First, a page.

Four Egyptian nationals were among those killed in the New Zealand mosque attack, Egypt’s Minister of Immigration, Nabila Markam, said on Saturday.
Makram said that the ministry agreed with the Misr El Kheir Foundation (MEK) to transfer the bodies of victims to Egypt if their families requested that.
She added that the New Zealand government has offered to bear the cost of transporting the bodies to their countries, and investigations are ongoing to check whether there are any other victims.
On Friday, a gunman attacked two mosques in the city of Christchurch during Friday prayer, killing at least 49 people and 48 others were injured.
The attack was globally described as a terrorist attack. New Zealand Police Commissioner, Mike Bush, said the attack was “very well-planned,” and said that the mosques across the country will remain under police protection.
New Zealand also said that that a 28-year-old man has been charged with murder and referred to the Christchurch District Court on Saturday morning. Two other suspects remain in custody.
Egypt’s Foreign Ministry said that it is following up with the Egyptian embassy in New Zealand on the developments of the attack and will continue to communicate with New Zealand’s authorities in this regard.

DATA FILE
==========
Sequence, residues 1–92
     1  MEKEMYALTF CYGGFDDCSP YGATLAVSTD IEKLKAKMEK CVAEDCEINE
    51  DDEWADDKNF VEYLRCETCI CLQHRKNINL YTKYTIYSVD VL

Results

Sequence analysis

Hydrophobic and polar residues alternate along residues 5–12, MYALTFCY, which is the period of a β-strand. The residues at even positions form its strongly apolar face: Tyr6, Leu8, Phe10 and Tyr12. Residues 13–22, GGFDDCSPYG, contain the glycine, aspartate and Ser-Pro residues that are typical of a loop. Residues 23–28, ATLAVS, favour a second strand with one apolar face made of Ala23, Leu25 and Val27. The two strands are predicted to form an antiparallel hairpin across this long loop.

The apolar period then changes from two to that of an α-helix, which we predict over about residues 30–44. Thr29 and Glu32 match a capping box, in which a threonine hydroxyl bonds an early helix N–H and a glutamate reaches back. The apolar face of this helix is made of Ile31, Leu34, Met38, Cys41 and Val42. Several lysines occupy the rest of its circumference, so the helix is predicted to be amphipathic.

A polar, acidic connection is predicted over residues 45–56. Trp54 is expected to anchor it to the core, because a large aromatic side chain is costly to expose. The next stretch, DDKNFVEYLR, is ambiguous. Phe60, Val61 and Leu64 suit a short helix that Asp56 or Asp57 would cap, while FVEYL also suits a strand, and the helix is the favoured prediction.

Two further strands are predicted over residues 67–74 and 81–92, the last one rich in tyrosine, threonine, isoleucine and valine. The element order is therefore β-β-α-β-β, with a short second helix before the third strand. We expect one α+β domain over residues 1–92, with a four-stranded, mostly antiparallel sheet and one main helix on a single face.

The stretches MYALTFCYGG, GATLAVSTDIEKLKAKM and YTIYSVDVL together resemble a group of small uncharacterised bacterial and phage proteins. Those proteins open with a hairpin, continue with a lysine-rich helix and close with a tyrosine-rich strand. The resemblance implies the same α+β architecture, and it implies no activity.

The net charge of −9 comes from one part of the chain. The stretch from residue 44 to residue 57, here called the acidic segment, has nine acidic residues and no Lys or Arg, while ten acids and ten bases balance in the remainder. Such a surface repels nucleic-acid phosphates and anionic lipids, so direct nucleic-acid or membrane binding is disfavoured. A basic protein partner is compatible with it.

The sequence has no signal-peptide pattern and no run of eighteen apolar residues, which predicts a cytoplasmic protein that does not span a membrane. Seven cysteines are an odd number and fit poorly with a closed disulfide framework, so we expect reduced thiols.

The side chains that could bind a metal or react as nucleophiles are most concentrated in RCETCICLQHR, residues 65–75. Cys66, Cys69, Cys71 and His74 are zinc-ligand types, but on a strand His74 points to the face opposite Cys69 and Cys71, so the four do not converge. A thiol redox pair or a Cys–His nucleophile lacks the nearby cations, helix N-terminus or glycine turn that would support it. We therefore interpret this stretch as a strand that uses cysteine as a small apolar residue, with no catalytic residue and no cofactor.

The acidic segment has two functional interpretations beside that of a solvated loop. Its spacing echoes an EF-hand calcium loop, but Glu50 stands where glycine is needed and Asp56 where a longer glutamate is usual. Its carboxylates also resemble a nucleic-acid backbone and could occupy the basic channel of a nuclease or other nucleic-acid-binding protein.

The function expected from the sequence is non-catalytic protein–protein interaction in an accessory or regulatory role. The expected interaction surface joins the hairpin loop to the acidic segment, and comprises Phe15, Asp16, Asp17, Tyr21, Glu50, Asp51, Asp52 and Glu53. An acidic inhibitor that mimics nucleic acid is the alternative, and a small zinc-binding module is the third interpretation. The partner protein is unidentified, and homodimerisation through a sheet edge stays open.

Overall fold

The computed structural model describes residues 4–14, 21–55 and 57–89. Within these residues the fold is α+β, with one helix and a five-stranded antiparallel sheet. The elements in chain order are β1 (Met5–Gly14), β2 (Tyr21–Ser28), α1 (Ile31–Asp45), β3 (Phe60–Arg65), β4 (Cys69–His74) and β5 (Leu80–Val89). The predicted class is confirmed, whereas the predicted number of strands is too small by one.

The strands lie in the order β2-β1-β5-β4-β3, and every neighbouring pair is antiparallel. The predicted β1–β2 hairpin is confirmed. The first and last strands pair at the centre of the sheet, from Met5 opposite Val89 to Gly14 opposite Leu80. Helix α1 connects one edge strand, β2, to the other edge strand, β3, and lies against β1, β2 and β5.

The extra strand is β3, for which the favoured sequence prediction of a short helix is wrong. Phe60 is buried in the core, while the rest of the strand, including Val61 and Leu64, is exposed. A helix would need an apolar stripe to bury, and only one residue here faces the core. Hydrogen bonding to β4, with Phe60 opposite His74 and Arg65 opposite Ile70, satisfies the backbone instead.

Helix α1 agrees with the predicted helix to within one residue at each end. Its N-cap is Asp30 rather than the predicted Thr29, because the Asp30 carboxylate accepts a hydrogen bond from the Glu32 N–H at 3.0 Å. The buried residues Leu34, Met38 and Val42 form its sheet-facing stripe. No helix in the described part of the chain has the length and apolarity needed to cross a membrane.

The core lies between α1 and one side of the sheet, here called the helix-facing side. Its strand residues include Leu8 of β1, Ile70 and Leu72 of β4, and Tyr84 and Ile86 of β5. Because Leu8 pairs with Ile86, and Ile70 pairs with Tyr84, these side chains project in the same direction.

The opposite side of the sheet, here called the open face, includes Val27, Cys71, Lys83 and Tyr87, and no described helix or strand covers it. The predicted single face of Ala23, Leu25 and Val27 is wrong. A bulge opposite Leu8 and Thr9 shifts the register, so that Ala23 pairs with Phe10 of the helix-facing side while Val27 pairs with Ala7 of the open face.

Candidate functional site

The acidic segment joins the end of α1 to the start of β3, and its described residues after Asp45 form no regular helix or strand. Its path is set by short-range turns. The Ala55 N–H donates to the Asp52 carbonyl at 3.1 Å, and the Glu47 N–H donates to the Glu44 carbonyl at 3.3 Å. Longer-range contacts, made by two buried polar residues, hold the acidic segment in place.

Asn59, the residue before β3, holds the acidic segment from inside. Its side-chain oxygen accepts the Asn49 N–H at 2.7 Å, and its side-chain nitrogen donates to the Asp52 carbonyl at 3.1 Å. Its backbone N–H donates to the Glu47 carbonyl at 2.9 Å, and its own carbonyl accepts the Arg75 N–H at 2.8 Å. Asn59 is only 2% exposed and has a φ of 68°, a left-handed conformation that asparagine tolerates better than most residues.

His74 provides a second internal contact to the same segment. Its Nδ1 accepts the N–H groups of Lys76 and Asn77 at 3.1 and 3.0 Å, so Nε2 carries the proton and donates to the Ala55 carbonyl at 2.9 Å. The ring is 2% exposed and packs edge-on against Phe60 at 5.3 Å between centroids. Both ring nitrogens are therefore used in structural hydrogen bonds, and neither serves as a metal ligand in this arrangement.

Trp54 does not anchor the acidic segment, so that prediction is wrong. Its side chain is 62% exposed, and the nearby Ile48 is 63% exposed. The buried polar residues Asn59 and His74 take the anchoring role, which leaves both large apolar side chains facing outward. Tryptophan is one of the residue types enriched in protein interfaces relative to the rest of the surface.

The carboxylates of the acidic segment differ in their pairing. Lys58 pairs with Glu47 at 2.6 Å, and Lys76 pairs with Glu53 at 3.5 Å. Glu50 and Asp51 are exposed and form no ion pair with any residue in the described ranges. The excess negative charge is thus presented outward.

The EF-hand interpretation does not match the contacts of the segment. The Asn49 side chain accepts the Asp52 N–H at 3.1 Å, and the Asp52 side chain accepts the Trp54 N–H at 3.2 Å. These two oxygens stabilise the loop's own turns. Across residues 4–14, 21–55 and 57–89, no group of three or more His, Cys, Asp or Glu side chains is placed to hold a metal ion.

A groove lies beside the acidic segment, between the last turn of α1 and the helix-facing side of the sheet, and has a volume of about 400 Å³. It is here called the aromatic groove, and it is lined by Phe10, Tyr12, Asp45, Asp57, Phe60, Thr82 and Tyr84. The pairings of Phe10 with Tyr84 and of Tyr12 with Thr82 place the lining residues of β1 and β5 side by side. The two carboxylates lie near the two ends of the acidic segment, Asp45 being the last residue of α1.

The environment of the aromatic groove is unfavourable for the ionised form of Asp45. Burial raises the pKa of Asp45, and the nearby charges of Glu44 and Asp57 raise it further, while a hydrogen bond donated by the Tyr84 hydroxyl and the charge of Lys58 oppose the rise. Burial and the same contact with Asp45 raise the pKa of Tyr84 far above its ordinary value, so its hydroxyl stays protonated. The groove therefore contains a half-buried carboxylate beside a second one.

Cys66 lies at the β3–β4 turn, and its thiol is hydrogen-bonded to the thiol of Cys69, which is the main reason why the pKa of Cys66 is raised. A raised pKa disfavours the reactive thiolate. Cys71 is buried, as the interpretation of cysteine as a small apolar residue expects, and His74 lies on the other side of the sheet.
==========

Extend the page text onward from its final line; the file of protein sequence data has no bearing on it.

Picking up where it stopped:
Egypt condemned the terrorist attack and expressed sincere condolences to the families of the victims, wishing the speedy recovery for the injured, according to a statement by the country’s Ministry of Foreign.
The statement also expressed support for New Zealand and the families of the victims, saying that “this vile terrorist act contravenes all humanitarian principles.”
“This act represents the need to continue and intensify the international efforts to fight abhorrent terrorism, which has no religion, and to confront all forms of violence and extremism,” according to the statement.
In another statement, Egypt’s President Abdel-Fattah Al-Sisi has condemned “in the strongest terms” the “vicious” terror attack.
He described the attack as one which “brutally targeted worshippers in the houses of God to shake the conscience of humanity and put in front of it its fundamental responsibilities in the importance of joining international efforts for a full-out confrontation with terrorism, violence, and extremism.”
President Al-Sisi stressed the importance of exerting efforts to boost and consolidate the values of peaceful coexistence, tolerance, and accepting one another.
Moreover, Al-Azhar’s Grand Imam Ahmed El-Tayyeb condemned the shootings at two mosques, saying: “The attack is a serious sign of the terrible consequences that can result from the escalation of hate speech, xenophobia, and Islamophobia in a number of western countries.”
Furthermore, New Zealand’s ambassador to Egypt, Greg Lewis, said that the comments by Australian Senator Fraser Anning – who issued a statement attacking Muslims – do not represent the views of New Zealanders.
“Fraser Anning is not a New Zealander and his extreme views are condemned by politicians in New Zealand and in his own country, Australia,” Lewis stressed.